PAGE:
The number of connected devices is set to overtake world population this year (8.4 billion), while more than half of us are already using the internet today. This incredible growth in connectivity is driving a huge volume of digital traffic and imposing advanced networking requirements. While wireless technologies are at the forefront of this wave, it’s the intricate world of optical networks which forms the backbone of such a massive ecosystem.
In fact, the term backbone is somewhat misleading, giving an impression of a heavily guarded cable somewhere on the sea bed; when in reality optical fiber networks have even entered our homes today, via successful commercial deployments of fiber-to-the-home networks.
Meanwhile, artificial intelligence has moved from science fiction to reality. While consumer-focused digital intelligence, including fraud detection, chat bots, etc., have jockeyed the first waves, artificial intelligence technologies are transitioning into IT and business infrastructures of several sectors, leading to a barrage of vendor announcements on IoT platforms and consulting services.
With all the buzz around artificial intelligence, big data, IoT, cloud computing, etc., the key question still eludes a concrete response; where does this digitalization wave leave the optical networking sector? Is it a natural playground for these advanced intelligence frameworks? Or do these technologies represent yet another hype cycle that will soon pass? Or, rather importantly, is it an overkill for the optical networking sector, leading to over-engineered solutions and eating into profits?
Big Data Availability and Usage
One interesting aspect of the massive optical networking infrastructure is that it is its own sensor pool, measuring both traffic and infrastructure quality and reliability metrics. Despite the fact that these enormous datasets have always been there in one form or the other, their business value has remained limited owing to restrictive analysis using excel sheets, in-house tools, etc., which typically did not have the scale to support such massive data.
What’s more, data lakes are continuing to expand owing to more connected endpoints, evolution of compute and storage architectures, and several formulations of virtualized hardware and software stacks. Fortunately, it’s recently become possible to exploit this data due to reduced storage and computational unit prices. These developments provide an ideal ground for big data frameworks, extracting, processing, analysing network data, and exposing network insights.
The strongest push I have come across against digitalization lies in these simple words: We have been doing it for a long time! Believe you me, it takes a lot of convincing to sway a mind-set stuck in its ways, especially when the answers are not black and white.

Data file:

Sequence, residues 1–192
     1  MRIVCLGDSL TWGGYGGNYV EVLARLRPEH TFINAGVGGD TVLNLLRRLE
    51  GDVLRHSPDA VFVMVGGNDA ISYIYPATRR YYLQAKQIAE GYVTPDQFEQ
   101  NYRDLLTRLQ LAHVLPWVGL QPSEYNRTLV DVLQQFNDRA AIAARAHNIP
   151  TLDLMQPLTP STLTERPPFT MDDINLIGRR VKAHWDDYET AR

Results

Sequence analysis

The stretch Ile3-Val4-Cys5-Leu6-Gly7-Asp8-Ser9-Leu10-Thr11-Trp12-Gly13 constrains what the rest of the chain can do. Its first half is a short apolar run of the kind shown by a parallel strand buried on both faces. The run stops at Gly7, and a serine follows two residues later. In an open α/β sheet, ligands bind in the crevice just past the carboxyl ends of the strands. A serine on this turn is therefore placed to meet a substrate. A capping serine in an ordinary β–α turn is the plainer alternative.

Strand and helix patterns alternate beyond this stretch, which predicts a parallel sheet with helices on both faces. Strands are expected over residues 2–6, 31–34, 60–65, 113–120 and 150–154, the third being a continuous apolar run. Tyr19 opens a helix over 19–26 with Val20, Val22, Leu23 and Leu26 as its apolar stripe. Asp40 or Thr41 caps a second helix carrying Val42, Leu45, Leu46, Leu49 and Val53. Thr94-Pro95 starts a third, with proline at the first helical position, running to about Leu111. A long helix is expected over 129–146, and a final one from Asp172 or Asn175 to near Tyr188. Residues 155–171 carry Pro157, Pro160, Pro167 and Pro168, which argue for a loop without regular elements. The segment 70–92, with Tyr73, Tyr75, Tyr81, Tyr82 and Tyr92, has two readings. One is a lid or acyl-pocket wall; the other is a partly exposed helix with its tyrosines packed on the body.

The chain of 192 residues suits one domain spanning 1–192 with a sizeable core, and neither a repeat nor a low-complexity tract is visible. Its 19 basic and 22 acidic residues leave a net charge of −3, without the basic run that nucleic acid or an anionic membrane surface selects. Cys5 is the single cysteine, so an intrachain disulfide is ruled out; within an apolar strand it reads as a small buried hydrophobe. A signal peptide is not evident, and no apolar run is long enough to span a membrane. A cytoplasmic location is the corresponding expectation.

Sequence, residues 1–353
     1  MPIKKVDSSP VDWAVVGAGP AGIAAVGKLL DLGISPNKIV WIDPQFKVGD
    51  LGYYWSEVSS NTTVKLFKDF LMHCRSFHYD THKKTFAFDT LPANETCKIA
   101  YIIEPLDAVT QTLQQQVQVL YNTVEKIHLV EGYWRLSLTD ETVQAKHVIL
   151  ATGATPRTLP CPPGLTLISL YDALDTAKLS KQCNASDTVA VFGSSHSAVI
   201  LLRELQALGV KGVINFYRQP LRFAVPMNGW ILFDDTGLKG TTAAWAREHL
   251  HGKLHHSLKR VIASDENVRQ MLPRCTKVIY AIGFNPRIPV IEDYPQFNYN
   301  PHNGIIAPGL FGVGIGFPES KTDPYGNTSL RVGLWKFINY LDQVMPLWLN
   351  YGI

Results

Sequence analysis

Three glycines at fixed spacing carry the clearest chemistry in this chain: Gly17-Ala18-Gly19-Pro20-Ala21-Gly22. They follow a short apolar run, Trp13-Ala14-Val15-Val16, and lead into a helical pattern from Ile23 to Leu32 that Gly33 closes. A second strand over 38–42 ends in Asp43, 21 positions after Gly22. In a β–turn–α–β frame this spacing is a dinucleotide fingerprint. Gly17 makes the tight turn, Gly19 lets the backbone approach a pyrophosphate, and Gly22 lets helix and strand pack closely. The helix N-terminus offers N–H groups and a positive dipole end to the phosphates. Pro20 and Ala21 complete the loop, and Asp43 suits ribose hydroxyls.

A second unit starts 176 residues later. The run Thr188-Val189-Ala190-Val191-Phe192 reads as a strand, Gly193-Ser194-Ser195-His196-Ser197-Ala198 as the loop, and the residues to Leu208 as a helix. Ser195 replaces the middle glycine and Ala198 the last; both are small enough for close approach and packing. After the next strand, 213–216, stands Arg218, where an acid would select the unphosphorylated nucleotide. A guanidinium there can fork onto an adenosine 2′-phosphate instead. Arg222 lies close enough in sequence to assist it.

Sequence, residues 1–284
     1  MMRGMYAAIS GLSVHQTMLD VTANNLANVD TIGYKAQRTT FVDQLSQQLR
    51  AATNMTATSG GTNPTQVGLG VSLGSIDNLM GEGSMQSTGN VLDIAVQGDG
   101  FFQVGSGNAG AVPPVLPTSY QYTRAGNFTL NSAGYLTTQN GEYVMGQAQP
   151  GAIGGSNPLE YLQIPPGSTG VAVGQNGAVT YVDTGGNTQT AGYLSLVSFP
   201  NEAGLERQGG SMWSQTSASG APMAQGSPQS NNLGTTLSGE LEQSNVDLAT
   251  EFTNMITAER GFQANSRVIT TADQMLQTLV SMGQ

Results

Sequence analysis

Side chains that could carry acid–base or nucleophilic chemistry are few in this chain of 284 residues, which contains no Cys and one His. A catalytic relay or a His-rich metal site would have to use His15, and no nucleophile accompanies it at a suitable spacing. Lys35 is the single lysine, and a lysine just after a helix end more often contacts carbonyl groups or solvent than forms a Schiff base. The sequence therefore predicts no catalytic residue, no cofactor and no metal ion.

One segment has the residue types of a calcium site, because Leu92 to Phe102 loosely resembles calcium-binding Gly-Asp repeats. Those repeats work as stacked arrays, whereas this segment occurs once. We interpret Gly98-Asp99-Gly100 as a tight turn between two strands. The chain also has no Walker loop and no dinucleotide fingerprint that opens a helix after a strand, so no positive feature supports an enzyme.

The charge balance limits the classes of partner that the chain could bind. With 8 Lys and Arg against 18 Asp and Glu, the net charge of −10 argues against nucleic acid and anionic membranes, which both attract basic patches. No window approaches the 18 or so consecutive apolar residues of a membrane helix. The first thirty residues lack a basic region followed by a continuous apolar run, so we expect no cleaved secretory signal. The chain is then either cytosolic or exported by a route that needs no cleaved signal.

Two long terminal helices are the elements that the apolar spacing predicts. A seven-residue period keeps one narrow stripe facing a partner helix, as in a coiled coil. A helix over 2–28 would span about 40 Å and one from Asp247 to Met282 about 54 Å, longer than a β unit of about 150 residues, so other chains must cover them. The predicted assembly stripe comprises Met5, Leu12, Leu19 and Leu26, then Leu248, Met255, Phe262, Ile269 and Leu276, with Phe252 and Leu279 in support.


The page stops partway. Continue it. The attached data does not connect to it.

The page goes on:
Yes, the optical networking industry has a long history of building multifaceted meshed networks with complex interdependencies between nodes, however, digitalization is not just that. It imposes unique (read: extreme) requirements on connectivity, availability, latency, efficiency, dynamicity, and scalability which need to be catered for in context, and incorporated into modern network frameworks. Sooner rather than later, we can expect most of the industry to move in this direction; the secret sauce however is startup-like agility and lean structure of organizations. The ability to adapt efficiently will be key to leading the pack in this race.
Machine Learning Driving Network Analytics
In the face of stringent reliability and delivery requirements — being literally the backbone of connectivity — optical networks have traditionally evolved based on a fail-safe approach, where static configurations, pre-planned layouts, and frequent human checks have been part of the networking lifecycle. Moving forward, as the network scales, and software-driven network management becomes more prevalent, it will be next to impossible to manually cater for these tasks.
It is here where machine learning opens up several avenues for dealing with these chores, cognitively learning from experience, and enabling smart and self-regulated optical networks. The two main industry challenges however, are lack of openness — driven by legacy risk awareness — to gradually introduce machine intelligence into networking frameworks; and secondly a lack of experts who understand networking, software, and machine-learning skillsets.
Strategies and Vision
The biggest challenge to operationalize digitalization across the optical networking sector is the lack of concrete objectives. What’s important here is to think strategically and realize that we are in an era where networks needs to be managed like a service, with all the flexibility, agility, and reliability of other business-critical platforms. With machine learning, big data, and the cloud, this new paradigm is quickly becoming a reality, however, with a flipside of the creation of an increasingly wide talent gap.
Applications in optical networking could range from predictive maintenance of network infrastructure to dynamic resource optimization and virtual service configuration, to name a few. A long-term vision for this industry would be to deliver smart networks in a default configuration; incrementally tuning themselves to the needs of a particular enterprise based on observed patterns. This need not (read: must not) be restricted to traditional physical and network layer capacity squeeze, but rather across the OSI stack, from the infrastructure layer all the way up to applications and services.